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St. Vincent Travel and Cruise Tips

St. Vincent
St. Vincent has a lush landscape thanks to fairly heavy rains in the fall; credit: SVG Tourism Authority
St. Vincent and the Grenadines are quiet islands just north of Trinidad and Tobago in the southern Caribbean.

The main island of St. Vincent is one of the least-visited islands in the entire Caribbean. Frequent and heavy rainfall is one possible reason for its lack of popularity.

The St. Vincent cruise port at Kingstown lies only 71 miles by air from the cruise port at Castries in St. Lucia. But cruise ships often bypass it in favor of Barbados, which is 110 miles east of St. Vincent.

Travel tips start the the basic fact that heavy annual rainfall creates lush mountains and rainforests. Many eco tourism opportunities include hiking on nature trails and swimming in waterfalls.

The island has much more in common with Dominica as a result because of its natural beauty. That island also receives frequent and heavy rainfall as well as a similar number of tourists each year.

St. Vincent Attractions


Unique attractions in the capital of Kingstown include the Kingstown Market, which has a variety of foods, arts and crafts, and the historical churches of St. George's Anglican Cathedral and St. Mary's Catholic Cathedral.

The Botanical Gardens, the oldest garden in the Western Hemisphere, was founded in 1762. The 20-acre gardens were created by the then governor “to provide medicinal plants for the military and improve the life and economy of the colony”. Entrance is free. It is open 6 a.m. to 6 p.m. daily.

Outside of Kingstown, St. Vincent has a bit of Vermont in it. The Vermont Nature Trail is a two-hour hike through a 10,870-acre reserve, the SVG Tourism Authority says.

The marked trails take hikers through rainforests and plantation forests and give them a chance to see the St. Vincent Parrot among other species.

The trail is nine miles from Kingstown or about a 30 minute drive.

Historical forts include Charlotte, built in 1806, and Duvernette, built in 1800. Other attractions on St. Vincent include Dark View Falls, the black sand Mt. Wynne Beach and Wallilabou, where the movie “Pirates of the Caribbean” was filmed.

Cruise visitors will find good beaches at Indian Bay Beach and Villa Beach. They also can take a ferry or water taxi to experience the white sands of Young Island. Other options are Argyle Beach, Brighton Beach and Mt. Young Beach at Black Point.

St. Vincent and the Grenadines is a 32-island chain with nine inhabited islands. Ferries take visitors among the islands that include Mustique, a getaway for the rich and famous. They also visit the private resort islands of Palm, Young and Petite St. Vincent.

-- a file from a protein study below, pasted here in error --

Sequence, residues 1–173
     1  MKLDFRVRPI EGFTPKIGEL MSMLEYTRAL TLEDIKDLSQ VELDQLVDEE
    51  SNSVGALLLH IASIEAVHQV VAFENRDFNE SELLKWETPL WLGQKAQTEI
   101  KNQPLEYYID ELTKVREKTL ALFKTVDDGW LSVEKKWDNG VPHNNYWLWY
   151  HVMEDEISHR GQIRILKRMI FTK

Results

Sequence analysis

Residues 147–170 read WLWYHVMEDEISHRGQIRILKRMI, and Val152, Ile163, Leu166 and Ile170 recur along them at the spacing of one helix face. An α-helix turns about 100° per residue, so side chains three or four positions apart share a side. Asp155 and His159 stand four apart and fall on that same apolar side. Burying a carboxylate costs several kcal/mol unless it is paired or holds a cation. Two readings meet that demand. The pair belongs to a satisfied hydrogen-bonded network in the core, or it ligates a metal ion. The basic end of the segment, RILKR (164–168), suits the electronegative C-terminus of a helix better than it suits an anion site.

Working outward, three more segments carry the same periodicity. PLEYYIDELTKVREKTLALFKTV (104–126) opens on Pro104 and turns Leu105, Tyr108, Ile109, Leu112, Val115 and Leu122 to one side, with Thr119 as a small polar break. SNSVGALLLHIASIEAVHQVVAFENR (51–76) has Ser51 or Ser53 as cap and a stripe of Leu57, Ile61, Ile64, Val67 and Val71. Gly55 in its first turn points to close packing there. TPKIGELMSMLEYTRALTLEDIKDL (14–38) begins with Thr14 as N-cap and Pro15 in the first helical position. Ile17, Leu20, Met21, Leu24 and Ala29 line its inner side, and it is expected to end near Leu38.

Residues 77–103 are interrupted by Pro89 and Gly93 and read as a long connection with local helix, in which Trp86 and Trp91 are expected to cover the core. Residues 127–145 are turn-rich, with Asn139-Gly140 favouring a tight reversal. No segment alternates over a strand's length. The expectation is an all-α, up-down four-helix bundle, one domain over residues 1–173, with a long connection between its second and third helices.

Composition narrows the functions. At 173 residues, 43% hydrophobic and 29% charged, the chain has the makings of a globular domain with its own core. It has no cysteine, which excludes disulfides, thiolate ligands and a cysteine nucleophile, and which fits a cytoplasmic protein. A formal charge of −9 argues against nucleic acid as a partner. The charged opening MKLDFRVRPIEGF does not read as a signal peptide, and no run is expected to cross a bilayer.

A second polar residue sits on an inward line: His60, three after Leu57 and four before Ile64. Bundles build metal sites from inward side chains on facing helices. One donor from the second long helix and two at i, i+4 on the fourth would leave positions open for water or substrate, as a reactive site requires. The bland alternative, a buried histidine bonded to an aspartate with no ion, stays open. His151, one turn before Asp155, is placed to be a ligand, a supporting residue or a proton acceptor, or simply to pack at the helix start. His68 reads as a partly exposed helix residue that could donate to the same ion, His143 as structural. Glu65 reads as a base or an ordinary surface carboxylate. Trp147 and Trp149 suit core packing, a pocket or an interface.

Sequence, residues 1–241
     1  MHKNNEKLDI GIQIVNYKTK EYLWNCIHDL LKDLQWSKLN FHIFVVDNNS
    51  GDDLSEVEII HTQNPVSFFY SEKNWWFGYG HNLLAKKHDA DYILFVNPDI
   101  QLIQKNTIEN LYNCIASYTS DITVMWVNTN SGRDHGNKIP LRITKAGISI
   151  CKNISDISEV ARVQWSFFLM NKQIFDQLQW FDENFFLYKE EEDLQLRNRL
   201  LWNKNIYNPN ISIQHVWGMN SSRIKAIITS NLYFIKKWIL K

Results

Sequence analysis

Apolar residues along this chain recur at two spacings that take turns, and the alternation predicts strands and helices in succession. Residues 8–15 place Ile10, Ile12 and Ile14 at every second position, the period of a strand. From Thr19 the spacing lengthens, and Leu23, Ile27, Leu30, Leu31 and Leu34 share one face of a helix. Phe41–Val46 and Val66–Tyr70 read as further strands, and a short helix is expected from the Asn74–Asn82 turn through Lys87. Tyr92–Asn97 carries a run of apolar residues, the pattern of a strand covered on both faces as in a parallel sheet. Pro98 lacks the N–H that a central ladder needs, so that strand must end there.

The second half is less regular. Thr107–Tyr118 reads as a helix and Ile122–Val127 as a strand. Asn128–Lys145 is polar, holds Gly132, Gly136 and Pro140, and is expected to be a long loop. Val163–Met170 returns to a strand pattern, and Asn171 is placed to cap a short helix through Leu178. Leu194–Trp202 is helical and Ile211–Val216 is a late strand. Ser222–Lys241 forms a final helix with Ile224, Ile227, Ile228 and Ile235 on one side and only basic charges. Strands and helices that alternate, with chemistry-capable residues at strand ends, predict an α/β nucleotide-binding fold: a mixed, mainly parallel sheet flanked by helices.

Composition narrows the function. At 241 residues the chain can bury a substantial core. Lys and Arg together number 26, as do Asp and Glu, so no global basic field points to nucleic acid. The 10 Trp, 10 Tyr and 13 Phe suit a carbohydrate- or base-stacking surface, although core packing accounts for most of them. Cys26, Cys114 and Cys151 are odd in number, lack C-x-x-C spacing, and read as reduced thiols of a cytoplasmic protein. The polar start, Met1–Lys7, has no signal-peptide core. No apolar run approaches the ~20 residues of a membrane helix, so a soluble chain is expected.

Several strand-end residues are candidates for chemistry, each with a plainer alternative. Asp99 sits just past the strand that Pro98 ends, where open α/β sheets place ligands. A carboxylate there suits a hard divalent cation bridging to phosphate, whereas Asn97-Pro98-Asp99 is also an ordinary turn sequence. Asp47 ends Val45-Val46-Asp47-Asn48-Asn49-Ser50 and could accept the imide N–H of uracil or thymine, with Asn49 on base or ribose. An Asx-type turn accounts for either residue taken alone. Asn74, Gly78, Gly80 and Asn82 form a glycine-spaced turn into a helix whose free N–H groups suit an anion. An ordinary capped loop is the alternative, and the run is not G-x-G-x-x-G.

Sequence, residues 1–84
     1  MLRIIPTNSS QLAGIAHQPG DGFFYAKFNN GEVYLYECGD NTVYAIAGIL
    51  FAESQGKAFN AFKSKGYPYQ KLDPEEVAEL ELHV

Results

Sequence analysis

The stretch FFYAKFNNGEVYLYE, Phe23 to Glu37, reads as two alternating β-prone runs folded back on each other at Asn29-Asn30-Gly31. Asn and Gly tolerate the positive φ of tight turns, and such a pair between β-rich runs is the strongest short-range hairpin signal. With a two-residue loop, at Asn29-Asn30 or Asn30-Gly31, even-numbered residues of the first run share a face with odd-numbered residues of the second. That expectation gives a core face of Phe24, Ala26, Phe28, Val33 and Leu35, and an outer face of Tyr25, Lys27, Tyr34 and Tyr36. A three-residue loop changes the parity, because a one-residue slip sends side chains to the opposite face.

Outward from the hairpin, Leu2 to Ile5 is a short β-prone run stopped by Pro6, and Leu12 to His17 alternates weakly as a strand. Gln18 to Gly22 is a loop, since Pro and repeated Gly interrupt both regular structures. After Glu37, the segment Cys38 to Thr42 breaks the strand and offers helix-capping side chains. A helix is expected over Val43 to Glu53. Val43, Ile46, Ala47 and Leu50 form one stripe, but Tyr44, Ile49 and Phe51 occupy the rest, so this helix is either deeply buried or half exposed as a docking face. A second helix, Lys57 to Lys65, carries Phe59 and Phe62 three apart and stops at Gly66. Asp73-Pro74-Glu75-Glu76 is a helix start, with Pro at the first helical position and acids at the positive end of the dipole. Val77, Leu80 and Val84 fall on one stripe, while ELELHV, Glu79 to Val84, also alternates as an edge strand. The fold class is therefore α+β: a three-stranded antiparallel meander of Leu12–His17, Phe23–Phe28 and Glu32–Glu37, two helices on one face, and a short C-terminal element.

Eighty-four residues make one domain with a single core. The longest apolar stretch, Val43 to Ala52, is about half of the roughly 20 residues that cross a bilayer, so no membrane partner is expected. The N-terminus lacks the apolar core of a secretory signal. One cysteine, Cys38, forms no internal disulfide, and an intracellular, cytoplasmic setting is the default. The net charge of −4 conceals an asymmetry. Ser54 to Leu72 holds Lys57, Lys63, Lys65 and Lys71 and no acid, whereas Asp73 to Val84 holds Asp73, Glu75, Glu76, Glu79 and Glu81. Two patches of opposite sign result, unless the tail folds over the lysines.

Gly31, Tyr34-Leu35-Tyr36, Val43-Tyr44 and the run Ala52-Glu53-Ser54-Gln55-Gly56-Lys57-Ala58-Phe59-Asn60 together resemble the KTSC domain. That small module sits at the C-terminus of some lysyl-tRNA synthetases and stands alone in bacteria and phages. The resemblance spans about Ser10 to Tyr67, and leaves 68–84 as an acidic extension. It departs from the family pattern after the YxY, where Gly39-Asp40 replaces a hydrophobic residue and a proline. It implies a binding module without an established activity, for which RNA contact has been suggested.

Tourism / When to Go


U.S. and Canadian stopover tourists require passports and valid return tickets to visit the islands. Cruise visitors must have their ship IDs when leaving and returning to their ships.

The 32-island chain is 23rd in total tourism visits, 22nd in stopovers and 19th in cruise visits. The island welcomes about 70,000 stayover visitors and 85,000 cruise visitors each year.

The most popular times to visit are July and April. The least popular are September and then October during the peak months of the Caribbean hurricane season.

Average Weather


St. VincentSt. Vincent and the Grenadines have some of the heaviest annual rain of any islands in the Caribbean with 80 inches on the coast and 150 inches inland.

The average temperature year-round is 81 degrees Fahrenheit. The typical climate is tropical with little seasonal temperature variation and a rainy season that lasts from May to November.

Like most Caribbean destinations, the coolest months are January and February. The driest months are February through April. April has the best combination of warm temperatures and low risk of rain.

Currency / Tipping


The official currency is the Eastern Caribbean Dollar (EC). U.S. currency and major credit cards are widely accepted.

Taxis are unmetered so check the fares before accepting a ride. A 10-15 percent tip is recommended for hotels, taxis and restaurants.

The hotel room tax is 7 percent and the departure tax for stopover visitors is $40EC per person.

Culture / Geography


Languages are English and French Patois (a regional dialect). The economy is split between tourism and agriculture.

The islands are about 242 square miles in total size with a volcanic and mountainous terrain.

Sources / More information